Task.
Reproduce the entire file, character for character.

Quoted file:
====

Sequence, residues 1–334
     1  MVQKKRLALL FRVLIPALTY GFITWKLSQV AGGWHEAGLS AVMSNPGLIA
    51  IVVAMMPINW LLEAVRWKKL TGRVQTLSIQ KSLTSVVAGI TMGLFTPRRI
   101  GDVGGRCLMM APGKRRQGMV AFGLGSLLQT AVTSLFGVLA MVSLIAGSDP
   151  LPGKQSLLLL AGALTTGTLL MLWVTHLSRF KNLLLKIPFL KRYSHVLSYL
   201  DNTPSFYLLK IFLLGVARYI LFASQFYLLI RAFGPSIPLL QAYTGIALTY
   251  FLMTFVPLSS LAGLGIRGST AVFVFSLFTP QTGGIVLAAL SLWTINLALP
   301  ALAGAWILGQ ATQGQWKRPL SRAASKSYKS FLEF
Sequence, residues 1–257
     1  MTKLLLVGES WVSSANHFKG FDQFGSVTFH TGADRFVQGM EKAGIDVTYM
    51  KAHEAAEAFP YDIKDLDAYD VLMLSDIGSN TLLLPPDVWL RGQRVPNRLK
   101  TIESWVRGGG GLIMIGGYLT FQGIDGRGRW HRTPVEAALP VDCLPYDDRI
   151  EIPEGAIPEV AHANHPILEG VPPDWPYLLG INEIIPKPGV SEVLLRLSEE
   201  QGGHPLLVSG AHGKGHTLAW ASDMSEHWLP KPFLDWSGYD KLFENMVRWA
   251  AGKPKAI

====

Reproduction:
Sequence, residues 1–334
     1  MVQKKRLALL FRVLIPALTY GFITWKLSQV AGGWHEAGLS AVMSNPGLIA
    51  IVVAMMPINW LLEAVRWKKL TGRVQTLSIQ KSLTSVVAGI TMGLFTPRRI
   101  GDVGGRCLMM APGKRRQGMV AFGLGSLLQT AVTSLFGVLA MVSLIAGSDP
   151  LPGKQSLLLL AGALTTGTLL MLWVTHLSRF KNLLLKIPFL KRYSHVLSYL
   201  DNTPSFYLLK IFLLGVARYI LFASQFYLLI RAFGPSIPLL QAYTGIALTY
   251  FLMTFVPLSS LAGLGIRGST AVFVFSLFTP QTGGIVLAAL SLWTINLALP
   301  ALAGAWILGQ ATQGQWKRPL SRAASKSYKS FLEF
Sequence, residues 1–257
     1  MTKLLLVGES WVSSANHFKG FDQFGSVTFH TGADRFVQGM EKAGIDVTYM
    51  KAHEAAEAFP YDIKDLDAYD VLMLSDIGSN TLLLPPDVWL RGQRVPNRLK
   101  TIESWVRGGG GLIMIGGYLT FQGIDGRGRW HRTPVEAALP VDCLPYDDRI
   151  EIPEGAIPEV AHANHPILEG VPPDWPYLLG INEIIPKPGV SEVLLRLSEE
   201  QGGHPLLVSG AHGKGHTLAW ASDMSEHWLP KPFLDWSGYD KLFENMVRWA
   251  AGKPKAI